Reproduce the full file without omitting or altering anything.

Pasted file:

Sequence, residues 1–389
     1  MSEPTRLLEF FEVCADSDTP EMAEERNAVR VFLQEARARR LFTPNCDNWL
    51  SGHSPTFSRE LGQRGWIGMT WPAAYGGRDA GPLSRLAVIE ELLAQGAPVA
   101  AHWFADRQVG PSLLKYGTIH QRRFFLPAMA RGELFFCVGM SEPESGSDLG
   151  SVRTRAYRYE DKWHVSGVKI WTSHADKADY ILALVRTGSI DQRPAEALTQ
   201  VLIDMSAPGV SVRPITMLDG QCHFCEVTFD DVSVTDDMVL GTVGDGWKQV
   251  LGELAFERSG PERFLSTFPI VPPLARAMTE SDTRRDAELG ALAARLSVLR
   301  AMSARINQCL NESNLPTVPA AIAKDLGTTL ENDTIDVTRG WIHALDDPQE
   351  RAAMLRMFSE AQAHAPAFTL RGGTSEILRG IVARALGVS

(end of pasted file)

Sequence, residues 1–389
     1  MSEPTRLLEF FEVCADSDTP EMAEERNAVR VFLQEARARR LFTPNCDNWL
    51  SGHSPTFSRE LGQRGWIGMT WPAAYGGRDA GPLSRLAVIE ELLAQGAPVA
   101  AHWFADRQVG PSLLKYGTIH QRRFFLPAMA RGELFFCVGM SEPESGSDLG
   151  SVRTRAYRYE DKWHVSGVKI WTSHADKADY ILALVRTGSI DQRPAEALTQ
   201  VLIDMSAPGV SVRPITMLDG QCHFCEVTFD DVSVTDDMVL GTVGDGWKQV
   251  LGELAFERSG PERFLSTFPI VPPLARAMTE SDTRRDAELG ALAARLSVLR
   301  AMSARINQCL NESNLPTVPA AIAKDLGTTL ENDTIDVTRG WIHALDDPQE
   351  RAAMLRMFSE AQAHAPAFTL RGGTSEILRG IVARALGVS